Show Me the Money!

Stack of money.

There's the money!

A Reuters story, by way of Yahoo! News, has highlighted recent investment trends by venture capital (VC) firms once again eying green companies for funding.  The story focuses on how VCs are largely shy about investing in capital-intensive startups, which is no secret to the technology industry and its entrepreneurs.  As an example, the semiconductor industry is one that is suffering from VC funding for new innovative startups, as EE Times highlighted in a recent article.  While this strategy is understandable from a business perspective, it’s unfortunate from an innovation perspective.

One might argue that large companies will take the innovation helm in the place of startups but, will they?  We often see large companies acquire small startups precisely for the innovation the startup created.  So, in the absence of startups to acquire it’s debatable if large companies will innovate the same way.  A large public technology company has a different “mission” than does a startup.  Sure, both are about making a profit but, a startup is first about investing heavily in R&D and product development to bring something to market that is unique in order to create that profit.  A large public company is first about creating or maintaining profitability, which typically leaves less for R&D.  At public companies, sometimes profitability is created by cutting back on R&D and product development.

The technology industry mantra has always been “innovate or die” but, if large companies don’t have challengers, the innovation is not as needed.  We are stuck in an era of less innovation than we saw during the 70s, 80s or 90s – sure, sure, it’s all debatable but, the debate works both ways.  Capital-intensive companies are capital-intensive for a reason – they lead to more overall innovation.  While there are some innovative ideas in Facebook and Twitter, etc. and these companies require less capital to turn a profit, it does not seem arguable that these companies have provided as much technology advancement as say, Cisco, or Intel (founded ’68), etc.  These capital-intensive companies truly changed the face of the world that setup the possibility for Facebook or Twitter to even be a possibility.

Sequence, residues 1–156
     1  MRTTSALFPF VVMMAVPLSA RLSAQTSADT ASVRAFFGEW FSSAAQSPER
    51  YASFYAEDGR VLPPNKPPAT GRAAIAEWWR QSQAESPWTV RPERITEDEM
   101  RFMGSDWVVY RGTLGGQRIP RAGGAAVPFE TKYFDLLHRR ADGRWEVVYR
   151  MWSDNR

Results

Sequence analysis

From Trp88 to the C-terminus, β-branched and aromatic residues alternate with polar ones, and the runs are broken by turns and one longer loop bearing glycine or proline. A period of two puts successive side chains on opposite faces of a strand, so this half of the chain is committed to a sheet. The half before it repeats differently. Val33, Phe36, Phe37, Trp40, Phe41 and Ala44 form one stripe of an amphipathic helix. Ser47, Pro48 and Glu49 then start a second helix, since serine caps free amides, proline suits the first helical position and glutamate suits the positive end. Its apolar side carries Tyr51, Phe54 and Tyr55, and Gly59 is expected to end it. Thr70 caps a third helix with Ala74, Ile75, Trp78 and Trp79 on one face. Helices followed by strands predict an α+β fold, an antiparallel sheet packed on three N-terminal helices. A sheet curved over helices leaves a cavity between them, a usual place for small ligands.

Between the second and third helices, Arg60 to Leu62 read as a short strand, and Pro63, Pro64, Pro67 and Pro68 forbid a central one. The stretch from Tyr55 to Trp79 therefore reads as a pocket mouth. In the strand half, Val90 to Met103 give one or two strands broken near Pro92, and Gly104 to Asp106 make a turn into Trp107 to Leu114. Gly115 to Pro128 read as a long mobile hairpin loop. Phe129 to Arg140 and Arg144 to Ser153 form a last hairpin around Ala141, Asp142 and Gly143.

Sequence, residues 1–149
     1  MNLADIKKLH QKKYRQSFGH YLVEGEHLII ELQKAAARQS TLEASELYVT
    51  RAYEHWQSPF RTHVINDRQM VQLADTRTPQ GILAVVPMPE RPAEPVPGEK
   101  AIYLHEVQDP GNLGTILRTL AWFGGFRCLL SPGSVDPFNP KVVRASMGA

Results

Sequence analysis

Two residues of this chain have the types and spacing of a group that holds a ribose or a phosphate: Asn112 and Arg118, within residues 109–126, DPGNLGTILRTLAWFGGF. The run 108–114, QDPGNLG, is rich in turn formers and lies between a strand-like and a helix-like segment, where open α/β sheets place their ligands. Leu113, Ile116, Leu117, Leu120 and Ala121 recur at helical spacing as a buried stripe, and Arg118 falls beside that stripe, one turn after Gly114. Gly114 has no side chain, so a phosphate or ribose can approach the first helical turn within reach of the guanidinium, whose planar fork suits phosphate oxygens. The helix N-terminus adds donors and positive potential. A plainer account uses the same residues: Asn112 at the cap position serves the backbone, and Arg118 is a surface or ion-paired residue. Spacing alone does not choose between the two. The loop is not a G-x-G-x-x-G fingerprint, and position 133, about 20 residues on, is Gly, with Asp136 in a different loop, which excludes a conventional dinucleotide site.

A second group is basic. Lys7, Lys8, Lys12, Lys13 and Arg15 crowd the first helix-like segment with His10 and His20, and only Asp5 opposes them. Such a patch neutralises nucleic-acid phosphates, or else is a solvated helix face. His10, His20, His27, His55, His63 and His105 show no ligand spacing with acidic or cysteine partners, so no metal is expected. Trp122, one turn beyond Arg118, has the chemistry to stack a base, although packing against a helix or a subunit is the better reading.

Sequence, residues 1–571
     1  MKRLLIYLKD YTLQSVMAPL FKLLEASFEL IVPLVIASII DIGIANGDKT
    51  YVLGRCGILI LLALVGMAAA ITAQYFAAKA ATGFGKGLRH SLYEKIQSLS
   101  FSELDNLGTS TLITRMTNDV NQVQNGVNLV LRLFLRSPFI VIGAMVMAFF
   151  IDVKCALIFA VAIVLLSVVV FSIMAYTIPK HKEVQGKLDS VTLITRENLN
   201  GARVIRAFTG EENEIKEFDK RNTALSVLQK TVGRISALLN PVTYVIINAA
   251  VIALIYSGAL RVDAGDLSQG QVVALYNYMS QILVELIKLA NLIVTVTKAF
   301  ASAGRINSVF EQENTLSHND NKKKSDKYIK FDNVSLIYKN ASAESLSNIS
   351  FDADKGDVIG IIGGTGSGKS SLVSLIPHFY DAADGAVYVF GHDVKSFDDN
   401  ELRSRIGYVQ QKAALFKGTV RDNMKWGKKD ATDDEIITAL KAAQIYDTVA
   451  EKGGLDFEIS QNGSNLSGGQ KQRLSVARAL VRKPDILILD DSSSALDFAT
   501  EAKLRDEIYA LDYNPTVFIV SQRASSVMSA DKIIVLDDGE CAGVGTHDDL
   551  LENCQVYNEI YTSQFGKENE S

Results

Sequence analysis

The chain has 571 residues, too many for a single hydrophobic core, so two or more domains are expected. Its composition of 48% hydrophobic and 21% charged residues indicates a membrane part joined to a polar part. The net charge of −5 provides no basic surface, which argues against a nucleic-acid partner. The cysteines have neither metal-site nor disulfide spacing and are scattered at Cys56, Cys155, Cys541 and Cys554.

I suppose the move away from capital-intensive investments is a sign of the times.  Everyone wants the quickest path to a profit.  Again, it’s understandable.  If it were my money and I had a choice between investing a dollar in a company that would return two dollars in one year or five years I’d put it into the one that takes a year.  But someone somewhere has to step in to aid capital-intensive startups.  Perhaps it’s DARPA or some form of DARPA that also focuses on capital-intensive startups for multiple industries beyond defense.  Whatever and whoever it is, let’s hope it starts happening again soon.